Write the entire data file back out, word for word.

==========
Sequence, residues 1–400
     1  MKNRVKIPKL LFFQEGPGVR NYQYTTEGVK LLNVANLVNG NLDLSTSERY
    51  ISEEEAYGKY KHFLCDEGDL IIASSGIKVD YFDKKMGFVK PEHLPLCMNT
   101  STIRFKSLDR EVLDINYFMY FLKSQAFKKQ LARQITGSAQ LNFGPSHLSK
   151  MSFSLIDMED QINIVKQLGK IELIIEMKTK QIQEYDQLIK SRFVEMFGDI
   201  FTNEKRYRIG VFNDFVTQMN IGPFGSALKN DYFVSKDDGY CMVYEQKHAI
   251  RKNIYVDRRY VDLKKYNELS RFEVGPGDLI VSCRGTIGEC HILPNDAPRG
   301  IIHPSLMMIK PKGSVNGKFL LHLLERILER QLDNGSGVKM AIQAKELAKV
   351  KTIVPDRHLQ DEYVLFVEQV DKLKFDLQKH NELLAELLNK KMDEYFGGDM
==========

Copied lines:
Sequence, residues 1–400
     1  MKNRVKIPKL LFFQEGPGVR NYQYTTEGVK LLNVANLVNG NLDLSTSERY
    51  ISEEEAYGKY KHFLCDEGDL IIASSGIKVD YFDKKMGFVK PEHLPLCMNT
   101  STIRFKSLDR EVLDINYFMY FLKSQAFKKQ LARQITGSAQ LNFGPSHLSK
   151  MSFSLIDMED QINIVKQLGK IELIIEMKTK QIQEYDQLIK SRFVEMFGDI
   201  FTNEKRYRIG VFNDFVTQMN IGPFGSALKN DYFVSKDDGY CMVYEQKHAI
   251  RKNIYVDRRY VDLKKYNELS RFEVGPGDLI VSCRGTIGEC HILPNDAPRG
   301  IIHPSLMMIK PKGSVNGKFL LHLLERILER QLDNGSGVKM AIQAKELAKV
   351  KTIVPDRHLQ DEYVLFVEQV DKLKFDLQKH NELLAELLNK KMDEYFGGDM